Acute pulmonary edema is one of the most critical presentations of the many clinical effects of heart failure. The most common precipitating factors of heart failure are atrial fibrillation, acute myocardial infarction or ischemia, discontinuation of medications (diuretics), increased sodium load, drugs that impair myocardial function, and physical overexertion.
Patients with acute pulmonary edema usually present with symptoms of left ventricular heart failure, severe respiratory distress, frothy pink or white sputum, moist pulmonary rales, and a third heart sound (S3) or fourth heart sound (S4). Patients frequently are tachycardic and hypertensive. Cardiac dysrhythmias, such as atrial fibrillation or premature ventricular contractions, are common. There may be a history of exertional dyspnea, paroxysmal nocturnal dyspnea, or orthopnea. Patients with right ventricular heart failure have dependent edema of the extremities and may have jugular venous distention, hepatic enlargement, and a hepatojugular reflex. The traditional distinction between right and left heart failure does not have great bearing on ED management, as volume overload and respiratory distress will be approached in the same manner. However, consideration must be given to patients in whom there is a suspicion of valvular pathology or acute right ventricular infarction.
The diagnosis of acute pulmonary edema is made with clinical findings and the chest x-ray. The severity of illness may dictate need for a portable (anterior-posterior) chest x-ray be taken. Additional tests that assist inmanagement include an electrocardiogram, serum electrolytes, serum urea nitrogen, creatinine, complete blood cell count, arterial or venous blood gas, B-type natriuretic peptide, and cardiac markers (eg, troponin). The diagnosis of right-side heart failure is made clinically. In left-side heart failure, the chest x-ray will show enlargement of the cardiac silhouette.
In the differential diagnosis, consider the common causes of acute respiratory distress: asthma, chronic obstructive pulmonary disease, pneumonia, pulmonary embolus, allergic reactions, and other causes of respiratory failure. Also in the differential are other causes of noncardiogenic pulmonary edema, such as drug-related alveolar capillary damage or acute respiratory distress syndrome.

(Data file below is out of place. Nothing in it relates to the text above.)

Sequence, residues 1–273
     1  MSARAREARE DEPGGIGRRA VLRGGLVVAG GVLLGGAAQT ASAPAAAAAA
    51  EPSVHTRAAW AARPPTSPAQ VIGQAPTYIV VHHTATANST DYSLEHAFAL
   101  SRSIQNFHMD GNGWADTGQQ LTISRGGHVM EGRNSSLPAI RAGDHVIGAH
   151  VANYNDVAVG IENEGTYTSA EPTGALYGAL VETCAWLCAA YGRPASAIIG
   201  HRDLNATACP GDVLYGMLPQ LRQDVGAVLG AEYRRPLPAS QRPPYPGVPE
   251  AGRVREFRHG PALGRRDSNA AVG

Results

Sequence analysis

The treatment of patients in acute pulmonary edema includes oxygen, preload reducers, diuretics, afterload reducers, and inotropic agents.
Oxygen therapy, up to 100% delivered by non-rebreather mask should be administered to achieve an oxygen saturation of at least 95% by pulse oximetry.
If hypoxia persists despite oxygen therapy, or if the patient is showing signs of respiratory distress (eg, tripod stature, accessory muscle use, inability to speak), continuous positive airway pressure (CPAP) or biphasic positive airway pressure (BiPAP) should be applied.
Immediate intubation is indicated for unconscious or visibly tiring patients.
Nitroglycerin 0.4 milligram should be administered sublingually (may be repeated every 1 to 5 min). If the patient does not respond, or if the electrocardiogram shows ischemia, nitroglycerin 0.4 microgram/kilogram/min should be initiated as an intravenous drip and titrated rapidly to BP and symptom reduction.
After nitrates, an intravenous diuretic can be administrated, such as furosemide 40 to 80 milligrams intravenously, bumetanide...